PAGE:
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Each week, Education World profiles a different school principal. His or her responses offer insight into what it takes to be a principal, what a principal's day is like, and the special challenges a principal faces.


Principal Profile: All About John J. Stone


ImageYour school:
Rindge Memorial School, a K-5 school in Rindge, New Hampshire (380 students).

Your education experience:
I taught for 18 years and was a teacher trainer for three years. I have been a principal in the same district in which I taught for six years.

How many hours a week do you work?
I really never tracked it. I am in by 7:30 a.m. each day, and I'm here until at least 4 p.m. Then there are the night meetings and committee work. It all adds up. I would say 55 to 60 hours per week.

Do you expect to finish your working life in this career?
I hope so. I have about ten years to go, give or take.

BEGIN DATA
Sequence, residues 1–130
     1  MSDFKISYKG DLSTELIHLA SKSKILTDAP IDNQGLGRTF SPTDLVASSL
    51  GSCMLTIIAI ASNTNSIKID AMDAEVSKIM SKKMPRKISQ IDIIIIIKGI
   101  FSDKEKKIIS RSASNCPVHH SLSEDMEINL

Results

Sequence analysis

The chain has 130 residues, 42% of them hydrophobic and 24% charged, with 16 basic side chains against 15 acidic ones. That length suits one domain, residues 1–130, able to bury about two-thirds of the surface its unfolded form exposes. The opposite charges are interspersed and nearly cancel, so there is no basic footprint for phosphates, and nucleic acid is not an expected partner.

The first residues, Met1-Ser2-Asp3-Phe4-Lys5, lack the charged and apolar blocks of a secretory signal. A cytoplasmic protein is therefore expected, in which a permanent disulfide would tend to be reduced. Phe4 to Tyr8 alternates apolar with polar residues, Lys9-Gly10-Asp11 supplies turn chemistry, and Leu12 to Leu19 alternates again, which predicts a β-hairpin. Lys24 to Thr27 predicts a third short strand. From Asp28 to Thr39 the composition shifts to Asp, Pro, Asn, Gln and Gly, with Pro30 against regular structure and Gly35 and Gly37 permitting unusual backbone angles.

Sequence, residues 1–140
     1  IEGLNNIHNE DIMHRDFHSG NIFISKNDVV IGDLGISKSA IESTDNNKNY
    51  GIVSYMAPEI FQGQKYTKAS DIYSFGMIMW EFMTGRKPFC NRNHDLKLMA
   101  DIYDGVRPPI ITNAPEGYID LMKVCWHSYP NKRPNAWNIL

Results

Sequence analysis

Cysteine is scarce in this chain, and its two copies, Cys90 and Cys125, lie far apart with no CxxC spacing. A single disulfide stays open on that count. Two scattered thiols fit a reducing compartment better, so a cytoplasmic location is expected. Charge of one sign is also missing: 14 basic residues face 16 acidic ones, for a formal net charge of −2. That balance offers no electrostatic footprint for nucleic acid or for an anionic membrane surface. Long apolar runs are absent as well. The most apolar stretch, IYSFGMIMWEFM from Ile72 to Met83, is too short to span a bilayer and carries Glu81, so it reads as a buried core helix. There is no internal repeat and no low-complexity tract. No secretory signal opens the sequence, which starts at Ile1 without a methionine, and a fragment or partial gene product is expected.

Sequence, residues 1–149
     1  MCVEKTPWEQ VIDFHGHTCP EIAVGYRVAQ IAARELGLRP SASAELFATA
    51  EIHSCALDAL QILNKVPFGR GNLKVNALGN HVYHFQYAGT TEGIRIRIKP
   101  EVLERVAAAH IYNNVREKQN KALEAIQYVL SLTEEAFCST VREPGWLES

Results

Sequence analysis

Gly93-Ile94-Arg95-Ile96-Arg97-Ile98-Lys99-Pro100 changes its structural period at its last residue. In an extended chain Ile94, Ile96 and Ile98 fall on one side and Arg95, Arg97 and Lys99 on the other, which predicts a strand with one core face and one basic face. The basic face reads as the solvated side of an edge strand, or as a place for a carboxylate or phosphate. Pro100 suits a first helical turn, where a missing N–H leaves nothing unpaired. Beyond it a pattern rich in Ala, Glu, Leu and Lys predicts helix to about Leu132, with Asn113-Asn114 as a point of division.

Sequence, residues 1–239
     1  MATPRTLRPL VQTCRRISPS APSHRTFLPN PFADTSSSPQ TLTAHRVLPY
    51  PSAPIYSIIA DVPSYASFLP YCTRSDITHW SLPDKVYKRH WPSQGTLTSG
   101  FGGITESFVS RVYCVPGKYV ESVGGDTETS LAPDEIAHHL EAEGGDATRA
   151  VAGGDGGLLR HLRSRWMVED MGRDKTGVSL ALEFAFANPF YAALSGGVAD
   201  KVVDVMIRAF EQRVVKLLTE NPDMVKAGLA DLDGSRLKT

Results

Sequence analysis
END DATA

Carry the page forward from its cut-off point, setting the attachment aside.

What is the biggest challenge you will face this school year?
Every day is a challenge, and I enjoy all of them.

What is your education motto or mantra?
"Childhood is a journey, not a race."

How much work, if any, do you take home?
I try not to take much home, but I write all my teacher evaluations at home. My family stays away when I'm doing that!

If you have one of those days when you don't think you can face the job again, what is it that gets you out the door and off to work the next morning?
I try to take each day as a new day. If I am stressed out, I close my doors, play some music, and think.

What is the most important quality of a strong school leader?
To never lose sight of what it is like to be a teacher.

Who or what most influenced your decision to become a principal?
My time as a teacher trainer and my first public school principal, Richard Sawyer. He kept after me to get my master's degree. I thank him for that.